Pete Yates, one of New Quay RNLI’s inshore lifeboat helms, worked closely with Ceredigion lifeguard supervisor, Tirion Dowsett, to plan scenarios for the teams to practice working together in casualty care situations.

A large scale scenario included four casualties to be dealt with by the inshore lifeboat crew and two lifeguard teams on a nearby beach, whilst a third lifeguard team and lifeboat crew members dealt with a separate scenario at the lifeboat station.

Pete said: “It was a great evening of training. We had 9 lifeguards and 13 lifeboat crew in attendance.

“The main scenario included casualties suffering from hypothermia and propeller injuries. A second scenario involved a mechanic suffering head injuries in the forepeak of the all-weather lifeboat and requiring extraction on a stretcher.

“On completion of these scenarios we all gathered back at the station where one of our senior crew members sprung a great act at being a diabetic having a hypo, and being suitably angry and aggressive.”

Roger Couch, New Quay RNLI’s Lifeboat Operations Manager, added: “It was great for our lifeboat crew members to work with the lifeguards as it builds a deeper understanding of each other’s roles and encourages teamwork between us. This is of great benefit when dealing with real life casualty care situations.”

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Coastguard rescues dog stuck on cliffs

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LAST TUESDAY (Aug 27), New Quay RNLI’s inshore D-class lifeboat, Audrey LJ, was tasked by Milford Haven Coastguard to assist the Coastguard with a dog stuck on the cliffs near New Quay.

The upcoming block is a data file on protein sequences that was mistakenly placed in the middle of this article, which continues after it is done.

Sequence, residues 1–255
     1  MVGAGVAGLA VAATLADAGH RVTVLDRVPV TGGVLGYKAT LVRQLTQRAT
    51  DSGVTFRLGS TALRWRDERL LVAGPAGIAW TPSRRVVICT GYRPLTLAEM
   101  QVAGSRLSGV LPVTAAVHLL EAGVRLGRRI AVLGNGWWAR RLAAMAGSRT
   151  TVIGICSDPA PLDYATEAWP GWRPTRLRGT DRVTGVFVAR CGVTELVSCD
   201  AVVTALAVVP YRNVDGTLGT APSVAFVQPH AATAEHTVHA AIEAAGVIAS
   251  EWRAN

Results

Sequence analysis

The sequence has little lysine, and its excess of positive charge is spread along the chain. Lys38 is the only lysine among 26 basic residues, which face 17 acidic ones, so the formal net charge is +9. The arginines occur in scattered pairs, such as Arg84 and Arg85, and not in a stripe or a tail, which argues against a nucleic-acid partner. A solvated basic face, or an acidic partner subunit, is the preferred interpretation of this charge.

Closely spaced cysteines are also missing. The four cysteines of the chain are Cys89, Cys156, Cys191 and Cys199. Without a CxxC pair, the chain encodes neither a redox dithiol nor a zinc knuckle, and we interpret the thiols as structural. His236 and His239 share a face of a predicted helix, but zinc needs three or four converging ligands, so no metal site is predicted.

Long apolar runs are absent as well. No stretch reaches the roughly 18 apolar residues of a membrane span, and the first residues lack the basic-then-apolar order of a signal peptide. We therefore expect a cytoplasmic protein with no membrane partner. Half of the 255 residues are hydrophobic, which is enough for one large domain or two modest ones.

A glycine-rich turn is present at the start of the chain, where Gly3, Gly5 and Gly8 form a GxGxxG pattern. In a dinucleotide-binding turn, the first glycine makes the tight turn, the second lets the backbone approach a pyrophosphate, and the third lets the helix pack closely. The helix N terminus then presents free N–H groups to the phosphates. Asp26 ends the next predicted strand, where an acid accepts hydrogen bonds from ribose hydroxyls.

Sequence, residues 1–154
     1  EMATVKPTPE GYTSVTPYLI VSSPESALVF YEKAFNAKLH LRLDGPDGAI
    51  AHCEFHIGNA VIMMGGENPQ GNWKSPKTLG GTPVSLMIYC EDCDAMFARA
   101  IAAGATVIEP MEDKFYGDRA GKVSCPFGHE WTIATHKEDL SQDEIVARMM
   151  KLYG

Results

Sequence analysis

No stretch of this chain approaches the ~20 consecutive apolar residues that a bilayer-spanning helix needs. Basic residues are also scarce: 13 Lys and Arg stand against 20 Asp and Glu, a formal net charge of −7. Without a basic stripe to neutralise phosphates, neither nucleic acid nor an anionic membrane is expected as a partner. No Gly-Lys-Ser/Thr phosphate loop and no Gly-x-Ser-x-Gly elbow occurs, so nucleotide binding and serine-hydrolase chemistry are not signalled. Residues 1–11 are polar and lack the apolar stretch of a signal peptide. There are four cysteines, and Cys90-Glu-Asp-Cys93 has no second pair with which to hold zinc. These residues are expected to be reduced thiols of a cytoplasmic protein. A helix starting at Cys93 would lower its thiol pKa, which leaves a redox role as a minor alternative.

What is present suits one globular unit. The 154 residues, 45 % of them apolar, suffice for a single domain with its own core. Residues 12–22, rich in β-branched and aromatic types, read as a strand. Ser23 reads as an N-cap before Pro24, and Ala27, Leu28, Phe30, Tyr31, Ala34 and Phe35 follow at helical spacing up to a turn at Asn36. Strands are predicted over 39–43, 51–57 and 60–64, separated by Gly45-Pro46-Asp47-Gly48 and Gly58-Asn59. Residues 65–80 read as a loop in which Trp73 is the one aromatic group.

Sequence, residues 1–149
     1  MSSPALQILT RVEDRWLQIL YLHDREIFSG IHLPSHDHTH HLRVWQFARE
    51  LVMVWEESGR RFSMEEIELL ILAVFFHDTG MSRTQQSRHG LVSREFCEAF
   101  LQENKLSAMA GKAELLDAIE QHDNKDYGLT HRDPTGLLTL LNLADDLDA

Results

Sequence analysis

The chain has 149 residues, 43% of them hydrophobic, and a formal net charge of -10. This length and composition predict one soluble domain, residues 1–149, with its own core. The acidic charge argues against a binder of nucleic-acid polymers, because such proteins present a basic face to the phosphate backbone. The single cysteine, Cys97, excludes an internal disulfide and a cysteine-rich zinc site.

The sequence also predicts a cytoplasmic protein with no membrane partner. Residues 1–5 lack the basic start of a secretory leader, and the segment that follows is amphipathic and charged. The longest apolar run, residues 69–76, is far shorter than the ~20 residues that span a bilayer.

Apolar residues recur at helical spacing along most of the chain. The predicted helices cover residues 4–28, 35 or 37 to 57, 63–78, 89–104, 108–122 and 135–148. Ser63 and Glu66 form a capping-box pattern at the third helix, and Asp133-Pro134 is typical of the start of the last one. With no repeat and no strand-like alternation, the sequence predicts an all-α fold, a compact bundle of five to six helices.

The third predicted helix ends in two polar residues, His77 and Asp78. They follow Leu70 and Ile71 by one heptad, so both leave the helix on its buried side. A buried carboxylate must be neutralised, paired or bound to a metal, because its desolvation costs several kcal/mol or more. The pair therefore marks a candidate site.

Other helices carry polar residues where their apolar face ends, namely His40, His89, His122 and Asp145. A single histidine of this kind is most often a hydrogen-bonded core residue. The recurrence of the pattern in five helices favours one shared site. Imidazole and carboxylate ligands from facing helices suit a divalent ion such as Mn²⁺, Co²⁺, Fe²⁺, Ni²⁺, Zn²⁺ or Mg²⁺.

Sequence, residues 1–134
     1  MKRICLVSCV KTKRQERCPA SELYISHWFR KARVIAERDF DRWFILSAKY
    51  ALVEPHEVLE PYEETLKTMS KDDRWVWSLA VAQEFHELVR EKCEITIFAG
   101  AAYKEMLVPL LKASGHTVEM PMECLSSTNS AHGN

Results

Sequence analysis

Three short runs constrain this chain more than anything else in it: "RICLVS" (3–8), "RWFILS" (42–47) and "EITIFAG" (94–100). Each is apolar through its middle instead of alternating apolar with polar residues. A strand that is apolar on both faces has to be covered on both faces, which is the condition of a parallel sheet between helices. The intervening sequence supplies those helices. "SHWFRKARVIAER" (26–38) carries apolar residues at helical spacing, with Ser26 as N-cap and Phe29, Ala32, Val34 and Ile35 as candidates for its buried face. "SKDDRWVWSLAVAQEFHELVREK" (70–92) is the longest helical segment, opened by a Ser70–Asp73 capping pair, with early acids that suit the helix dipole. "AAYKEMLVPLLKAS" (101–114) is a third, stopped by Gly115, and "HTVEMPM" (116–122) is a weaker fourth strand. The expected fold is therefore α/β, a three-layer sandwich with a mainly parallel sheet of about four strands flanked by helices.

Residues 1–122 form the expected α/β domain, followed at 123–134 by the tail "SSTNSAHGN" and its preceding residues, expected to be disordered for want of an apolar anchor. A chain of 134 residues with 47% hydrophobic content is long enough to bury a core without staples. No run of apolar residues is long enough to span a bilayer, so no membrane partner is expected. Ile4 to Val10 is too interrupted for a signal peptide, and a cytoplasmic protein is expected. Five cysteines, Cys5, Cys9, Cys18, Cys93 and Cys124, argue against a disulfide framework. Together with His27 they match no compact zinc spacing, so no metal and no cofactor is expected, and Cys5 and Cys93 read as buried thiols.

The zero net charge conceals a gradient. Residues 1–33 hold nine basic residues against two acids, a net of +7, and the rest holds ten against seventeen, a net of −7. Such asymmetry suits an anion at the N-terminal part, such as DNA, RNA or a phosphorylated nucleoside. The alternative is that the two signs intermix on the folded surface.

The volunteer crew launched the inshore lifeboat at 1.50pm with four crew members on board and made their way south down the coast.

Brett Stones, New Quay RNLI’s helm said: “We located the dog on the cliffs by Castell Bach, near Cwmtydu. We stood by while the Coastguard team caught the animal. The dog was unharmed and safe with the Coastguard so we were stood down.

“However, while returning to station we were then tasked to a small vessel with engine failure. We towed the stricken boat with three people on board back to New Quay. We rehoused the inshore lifeboat and it was ready for service by 2.40pm.”

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New maintenance Lorries cut carbon emissions

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The Ground Maintenance Team has purchased three new lorries to support ground maintenance services in Ceredigion.

The new lorries will move Ceredigion County Council’s Ground Maintenance Service’s equipment to and from the grounds that they look after. The lorries will also take cut grass away for composting. This provides the most efficient way of maintaining the areas that the team is responsible for.

Councillor Dafydd Edwards is the Cabinet member responsible for Highways and Environmental Services together with Housing. He said: “The new vehicles replace ones which had provided excellent service for almost 20 years. They are fitted with Euro 6 engines which are considerably more efficient and better for the environment.”

The Grounds Maintenance Team is also incrementally introducing electric-powered mowers, blowers, hedge cutters and strimmers into its fleet. This equipment is better for the environment, is easier to use and causes less noise and vibration.

The new lorries support Ceredigion County Council’s commitment to be a net-zero carbon council by 2030.